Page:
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Greek government under fire after #MeToo shock arrest

It is the latest in a series of scandals involving allegations of sexual abuse in the fields of arts, sport and education that have rocked the country in recent weeks.

FILE: The Lignadis affair appears to be part of a wider issue in the arts world. Picture: Pixabay.com

ATHENS, Greece - Greece's conservative government on Monday rejected calls to sack its culture minister after a top theatre appointee was arrested over rape claims, but promised a new ethics code.

It is the latest in a series of scandals involving allegations of sexual abuse in the fields of arts, sport and education that have rocked the country in recent weeks.

Prime Minister Kyriakos Mitsotakis is under growing pressure to sack Culture Minister Lina Mendoni over claims of a deeply entrenched climate of fear and abuse in Greece's art establishment.

That pressure increased over the weekend after Dimitris Lignadis, the former artistic director of Greece's national theatre, was arrested on Saturday on allegations of raping minors, including migrant children.

"Greek society has watched in shock as a series of heinous acts come to the fore," deputy government spokeswoman Aristotelia Peloni told reporters Monday.

"We listen to the victims. We support them."

But she insisted Mendoni would remain in her ministerial post.

"The country needs ethics codes, a framework to prevent any form of abuse," she said. "The government will adopt an overall initiative in this direction."

'PROFOUND' ACTING SKILLS

The Lignadis affair appears to be part of a wider issue in the arts world.

The head of Greece's actors' guild, Spyros Bibilas, on Monday testified before an investigator following reports that the association had received hundreds of complaints regarding decades of alleged sex abuse, sex harassment and intimidation.

Mendoni was widely mocked last week after telling reporters Lignadis had "duped" her with his "profound" acting skills when she pressed him on the abuse claims.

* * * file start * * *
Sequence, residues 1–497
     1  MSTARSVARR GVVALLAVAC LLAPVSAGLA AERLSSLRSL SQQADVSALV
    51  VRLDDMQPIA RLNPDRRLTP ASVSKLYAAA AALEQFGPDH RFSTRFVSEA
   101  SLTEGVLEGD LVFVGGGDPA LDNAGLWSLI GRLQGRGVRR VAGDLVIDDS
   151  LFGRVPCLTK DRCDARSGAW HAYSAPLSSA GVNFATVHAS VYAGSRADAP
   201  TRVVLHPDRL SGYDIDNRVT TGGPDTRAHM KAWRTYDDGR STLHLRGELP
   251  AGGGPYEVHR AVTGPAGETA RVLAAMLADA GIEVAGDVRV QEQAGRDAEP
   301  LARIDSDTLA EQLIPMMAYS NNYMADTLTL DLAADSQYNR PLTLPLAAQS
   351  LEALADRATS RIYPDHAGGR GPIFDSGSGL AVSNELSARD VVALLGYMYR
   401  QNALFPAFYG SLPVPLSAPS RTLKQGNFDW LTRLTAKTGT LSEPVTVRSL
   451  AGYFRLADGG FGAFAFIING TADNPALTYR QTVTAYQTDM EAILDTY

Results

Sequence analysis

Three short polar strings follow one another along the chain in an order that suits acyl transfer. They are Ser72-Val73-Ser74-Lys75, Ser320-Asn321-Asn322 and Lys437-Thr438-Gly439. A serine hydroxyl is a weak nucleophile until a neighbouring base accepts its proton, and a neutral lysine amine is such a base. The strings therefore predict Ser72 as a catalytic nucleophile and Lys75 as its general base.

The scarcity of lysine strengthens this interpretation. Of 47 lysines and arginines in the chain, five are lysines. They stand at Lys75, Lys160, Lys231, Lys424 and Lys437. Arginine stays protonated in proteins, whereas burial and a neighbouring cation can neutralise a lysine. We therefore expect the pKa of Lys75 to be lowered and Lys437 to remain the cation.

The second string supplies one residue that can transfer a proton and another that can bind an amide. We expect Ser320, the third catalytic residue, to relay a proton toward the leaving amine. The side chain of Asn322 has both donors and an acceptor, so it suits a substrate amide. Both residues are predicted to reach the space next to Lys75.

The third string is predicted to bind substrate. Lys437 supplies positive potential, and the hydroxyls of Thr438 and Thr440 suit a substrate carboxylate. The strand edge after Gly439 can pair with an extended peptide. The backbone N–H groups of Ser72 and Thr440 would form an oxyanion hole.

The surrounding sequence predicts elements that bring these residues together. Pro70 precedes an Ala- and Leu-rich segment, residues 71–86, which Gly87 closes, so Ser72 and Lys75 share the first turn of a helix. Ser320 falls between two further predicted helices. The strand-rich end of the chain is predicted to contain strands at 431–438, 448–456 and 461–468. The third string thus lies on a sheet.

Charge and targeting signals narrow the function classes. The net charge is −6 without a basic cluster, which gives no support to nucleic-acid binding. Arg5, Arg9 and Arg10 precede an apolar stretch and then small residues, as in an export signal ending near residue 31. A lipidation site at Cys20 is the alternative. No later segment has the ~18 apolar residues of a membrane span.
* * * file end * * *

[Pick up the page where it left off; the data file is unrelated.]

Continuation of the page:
Calling him a "dangerous man", she insisted: "We didn't cover up anything. We know the artists, not their personal life."

The government's special secretary for the protection of unaccompanied minors, Irene Agapidaki, called on Monday for a full judicial inquiry into claims that migrant children had been molested between 2017 and 2018.

Lignadis, 56, resigned on February 6 citing a "toxic climate of rumours, innuendo and leaks".

But he has strongly denied being at the centre of numerous allegations of sexual abuse of minors, reported in Greek media.

Now in police custody, he is expected to testify on Wednesday.

Greek news reports said on Monday that investigators were also looking into abuse claims involving a second prominent actor.

  • A wave of allegations -
    The main opposition leftist Syriza party has accused the conservative government of trying to cover up the Lignadis case, claiming he is a personal friend of Mitsotakis.

The prime minister's office has vehemently denied this.

More than three years after the #MeToo movement surfaced in the United States, the code of silence in Greece was broken last December by a two-time Olympic sailing medallist, Sofia Bekatorou.

Bekatorou said that when she was 21 when she was subjected to "sexual harassment and abuse" by a senior federation member in his hotel room, shortly after trials for the 2000 Sydney Olympics.

Her disclosure encouraged many other women and men in sports, arts and academia to step forward, breaking decades of silence.

A 38-year-old sailing coach accused of raping an 11-year-old athlete was arrested last month.

Also Monday, a 62-year-old school teacher was detained over allegations that he had molested a boy originally aged eight over a seven-year period.

Several women have also alleged sexual harassment by professors at Thessaloniki's Aristotle University, one of the country's top higher learning institutions.

But the statute of limitations on many of the complaints has lapsed, meaning they cannot be prosecuted.

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